When I look back at how I’ve changed, sometimes it’s hard to look beyond what I’ve lost since then. University, believe it or not, was a time of hope for me. It was a time of possibility and despite living in a small city, nothing felt out of grasp. I did everything I wanted to.
Now don’t go expecting my list of things to stagger you, but I used to leave the house on a whim but have no idea where I was headed, just to clear my head. I would call a friend I hadn’t heard from in a few days. I would walk all the way to a bridge just so I could read by the water for an hour or so. And I took great advantage of discounts on beer at a nearby roadhouse.
I took a chance on people, made friends, had some fallouts and every day, I took the bus to school with a different mood. I walked the same trail with about six people on different occasions because it was the only one I could walk to from my house never having owned a car. I read so much and I don’t mean school readings. These were more self-assigned, if you catch my drift. I used to work on my mental health through some intermittent counselling when I needed to screw my head on straight.
And I spoke. I was part of a Toastmasters club and I like to think that I spoke my heart out.
But so much has changed now and to highlight all the ways in which I abandoned the person I used would make for painful writing. Like most of you, I’ve picked up a few demons along the path to adulthood. They might be the same ones you have. I dread Mondays. I worry about money. I haven’t finished a book in weeks. And my writing has been scattered, to say the least. And I go on a walk by myself maybe once in a fortnight and there haven’t been many bridges.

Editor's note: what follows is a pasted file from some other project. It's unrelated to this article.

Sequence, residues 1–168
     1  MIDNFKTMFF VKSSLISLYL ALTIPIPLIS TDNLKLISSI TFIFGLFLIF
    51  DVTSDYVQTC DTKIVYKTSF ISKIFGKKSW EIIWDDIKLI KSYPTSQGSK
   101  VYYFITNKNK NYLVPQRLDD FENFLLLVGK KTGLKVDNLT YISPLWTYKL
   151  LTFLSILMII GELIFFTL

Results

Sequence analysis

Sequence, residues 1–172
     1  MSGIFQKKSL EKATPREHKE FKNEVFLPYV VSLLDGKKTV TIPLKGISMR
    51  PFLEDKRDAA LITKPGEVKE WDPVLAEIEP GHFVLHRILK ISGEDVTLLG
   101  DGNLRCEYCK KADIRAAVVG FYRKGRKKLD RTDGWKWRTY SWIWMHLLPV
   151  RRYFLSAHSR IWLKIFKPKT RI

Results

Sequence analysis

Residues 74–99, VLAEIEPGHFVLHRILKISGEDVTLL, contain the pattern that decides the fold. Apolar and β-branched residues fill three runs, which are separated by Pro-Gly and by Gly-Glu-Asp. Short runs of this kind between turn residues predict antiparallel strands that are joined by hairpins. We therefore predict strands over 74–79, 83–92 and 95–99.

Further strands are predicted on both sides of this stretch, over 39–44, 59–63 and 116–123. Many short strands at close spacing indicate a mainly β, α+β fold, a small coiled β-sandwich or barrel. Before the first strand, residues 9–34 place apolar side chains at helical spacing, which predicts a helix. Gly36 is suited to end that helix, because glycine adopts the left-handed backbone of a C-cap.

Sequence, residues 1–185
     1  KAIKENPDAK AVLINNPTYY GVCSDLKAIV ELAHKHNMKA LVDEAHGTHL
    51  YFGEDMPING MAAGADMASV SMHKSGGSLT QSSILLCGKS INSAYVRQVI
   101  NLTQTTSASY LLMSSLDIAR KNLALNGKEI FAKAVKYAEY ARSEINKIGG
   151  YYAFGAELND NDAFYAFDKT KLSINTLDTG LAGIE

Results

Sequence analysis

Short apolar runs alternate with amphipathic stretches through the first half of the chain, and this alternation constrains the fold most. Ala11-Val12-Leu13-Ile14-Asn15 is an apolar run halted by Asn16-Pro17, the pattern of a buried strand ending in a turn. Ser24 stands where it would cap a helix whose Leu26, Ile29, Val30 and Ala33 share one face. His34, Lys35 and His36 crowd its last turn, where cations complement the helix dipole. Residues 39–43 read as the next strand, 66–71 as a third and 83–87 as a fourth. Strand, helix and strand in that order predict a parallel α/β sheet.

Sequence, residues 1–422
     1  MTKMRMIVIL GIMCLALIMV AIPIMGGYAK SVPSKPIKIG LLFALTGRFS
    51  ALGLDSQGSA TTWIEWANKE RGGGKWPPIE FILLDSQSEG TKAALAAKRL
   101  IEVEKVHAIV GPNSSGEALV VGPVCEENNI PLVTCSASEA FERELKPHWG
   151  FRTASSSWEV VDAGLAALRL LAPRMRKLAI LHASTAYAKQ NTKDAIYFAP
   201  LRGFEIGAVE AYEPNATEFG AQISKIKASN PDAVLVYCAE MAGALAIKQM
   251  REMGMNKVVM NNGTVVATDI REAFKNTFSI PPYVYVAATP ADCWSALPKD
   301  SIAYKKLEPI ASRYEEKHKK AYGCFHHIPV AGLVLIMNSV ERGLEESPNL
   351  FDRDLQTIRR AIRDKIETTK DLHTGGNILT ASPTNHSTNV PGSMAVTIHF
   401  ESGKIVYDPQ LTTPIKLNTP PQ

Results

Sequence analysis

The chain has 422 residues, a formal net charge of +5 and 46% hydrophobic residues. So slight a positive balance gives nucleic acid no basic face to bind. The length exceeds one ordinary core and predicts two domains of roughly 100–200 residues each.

It all sounds so bleak, and I’ll be honest, it feels that way too. To leave some parts of you behind and wonder if they were the best parts of you.
“You do what you have to do, so you can do what you want to do” – is perhaps a sound description of adulthood. But a fatal flaw I’ve found is that doing what I have to do leaves me so tired and aching that I no longer spend much time doing what I want to do.
But I thought of an exercise where I would ask that person I stopped being for advice. And channeling myself from a different, possibly pre-covid age, I would reply – “Of the many things we do, there are some that we are truly meant to do. Our selves are sewn into the fabric of existence because some books need reading, some paths need walking and some people need believing in. There is no grand purpose, except the one where you find your way back to doing the things you were always meant to do. And should you stray from these acts, you recognize that you are lost and try to find your way back. Try and try again because being yourself is and will always be your most important act on Earth”
Despite the changes I’ve made in adulthood, that past-self still exists within me. Unburdened by everything I carry now, he had had some life changing advice under his sleeve. He just didn’t know he’d need to give it to himself down the road.
It is no longer as easy to walk to a bridge and read. But I will try. And when I find a bridge I will sit by the water and read. And passers-by will see a bearded young man reading by the water and have no idea that they are looking at a small part of the universe correcting itself to what it was always meant to be.
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